WTC Tenants Search for Their Workers
Companies Try to Account for Employees After Terrorist Attack
See the tenant list of North Tower and South Tower of the World Trade Center Complex.
Read about the history of the World Trade Center.
Rescue workers remove a man from one of the World Trade Center towers early Tuesday.
Photo: REUTERS/Shannon Stapleton
Sept. 12, 2001 -- Tens of thousands of workers from more than 400 businesses were believed to be at the World Trade Center at the time of Tuesday's terrorist attack.
The World Trade Center towers were considered some of the most prestigious office space in the country. They were home to many prominent firms in the financial, insurance and technology sectors. Tenants included leading financial services companies like the Bank of America, Kemper Insurance, Lehman Brothers, Morgan Stanley Dean Witter and Credit Suisse First Boston.
The buildings also had offices for dozens of foreign companies, including Japan's Nikko Securities, CommerzBank AG and Deutsche Bank of Germany, Cantor Fitzgerald of London and Sinochem American Holdings of China.
Some firms had thousands of employees at the World Trade Center. The spokesperson from Morgan Stanley Dean Witter, the largest tenant at the complex, confirmed Wednesday that it occupied 22 floors at 2 WTC and 3 floors at 5 WTC and that it had approximately 3,500 people working for Morgan's individual-investor businesses in the Trade Center.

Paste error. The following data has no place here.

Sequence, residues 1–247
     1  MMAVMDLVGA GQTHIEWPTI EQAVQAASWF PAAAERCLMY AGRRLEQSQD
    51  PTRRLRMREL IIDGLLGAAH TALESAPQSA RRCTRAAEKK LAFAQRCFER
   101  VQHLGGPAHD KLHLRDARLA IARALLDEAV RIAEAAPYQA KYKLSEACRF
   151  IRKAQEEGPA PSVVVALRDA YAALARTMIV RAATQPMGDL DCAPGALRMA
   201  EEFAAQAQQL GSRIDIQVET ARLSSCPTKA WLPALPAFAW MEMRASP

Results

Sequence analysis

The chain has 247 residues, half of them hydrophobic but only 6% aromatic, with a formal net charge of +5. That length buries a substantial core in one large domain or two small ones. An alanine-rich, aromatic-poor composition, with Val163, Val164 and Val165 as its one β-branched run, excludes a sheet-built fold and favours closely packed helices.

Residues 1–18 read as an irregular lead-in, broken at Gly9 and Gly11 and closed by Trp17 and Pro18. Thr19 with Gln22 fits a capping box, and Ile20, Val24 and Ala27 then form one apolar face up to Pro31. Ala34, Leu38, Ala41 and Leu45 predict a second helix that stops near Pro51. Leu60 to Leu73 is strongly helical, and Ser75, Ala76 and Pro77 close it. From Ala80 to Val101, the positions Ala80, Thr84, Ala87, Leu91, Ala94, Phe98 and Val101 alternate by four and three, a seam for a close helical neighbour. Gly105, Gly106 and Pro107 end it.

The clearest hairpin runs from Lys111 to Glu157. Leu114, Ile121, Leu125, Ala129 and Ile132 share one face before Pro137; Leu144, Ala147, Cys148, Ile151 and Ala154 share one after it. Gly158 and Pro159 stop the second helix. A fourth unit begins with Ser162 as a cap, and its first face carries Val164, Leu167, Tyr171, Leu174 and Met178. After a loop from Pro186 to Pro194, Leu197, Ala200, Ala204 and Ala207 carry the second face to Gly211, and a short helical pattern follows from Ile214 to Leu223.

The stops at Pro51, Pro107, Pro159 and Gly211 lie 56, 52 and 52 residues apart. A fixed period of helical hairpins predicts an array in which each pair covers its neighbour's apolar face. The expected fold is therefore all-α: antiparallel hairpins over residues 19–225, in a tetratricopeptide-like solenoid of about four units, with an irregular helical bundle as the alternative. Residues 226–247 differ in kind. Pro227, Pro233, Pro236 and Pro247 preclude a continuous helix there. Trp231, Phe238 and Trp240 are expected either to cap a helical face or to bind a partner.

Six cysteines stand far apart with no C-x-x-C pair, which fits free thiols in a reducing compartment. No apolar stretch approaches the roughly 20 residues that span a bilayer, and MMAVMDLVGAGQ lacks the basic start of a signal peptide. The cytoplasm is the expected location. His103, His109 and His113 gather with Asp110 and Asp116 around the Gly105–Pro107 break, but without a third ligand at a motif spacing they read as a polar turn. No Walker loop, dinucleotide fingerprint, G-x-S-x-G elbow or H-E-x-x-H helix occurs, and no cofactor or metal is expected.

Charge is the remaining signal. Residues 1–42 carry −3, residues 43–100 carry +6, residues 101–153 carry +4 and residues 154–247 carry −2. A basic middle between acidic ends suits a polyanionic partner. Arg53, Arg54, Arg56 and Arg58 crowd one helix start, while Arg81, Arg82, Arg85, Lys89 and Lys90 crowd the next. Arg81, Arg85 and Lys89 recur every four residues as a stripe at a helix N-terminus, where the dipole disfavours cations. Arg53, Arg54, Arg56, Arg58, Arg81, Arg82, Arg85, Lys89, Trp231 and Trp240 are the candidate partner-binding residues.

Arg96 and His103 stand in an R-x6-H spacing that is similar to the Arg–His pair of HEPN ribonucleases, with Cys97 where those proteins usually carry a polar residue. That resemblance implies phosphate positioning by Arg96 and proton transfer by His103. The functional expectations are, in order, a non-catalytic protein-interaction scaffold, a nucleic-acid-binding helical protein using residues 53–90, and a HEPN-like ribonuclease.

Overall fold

Cantor Fitzgerald of London and eSpeed International, an electronic trading service spun off by Cantor Fitzgerald, reportedly had hundreds of employees at the twin towers. Deutsche Bank said it had more than 300 employees working there. For many businesses, it may take days, if not weeks, to fully account for their employees.
Typically, as many as 45,000 people worked in the twin towers, according to CoStar Group, provider of real estate industry data. But analysts say many workers were not yet in their offices when the first attack took place at 8:48 a.m. ET. Some estimate that 10,000 to 20,000 people were inside the buildings when the first plane, American Airlines Flight 11, crashed into the North Tower.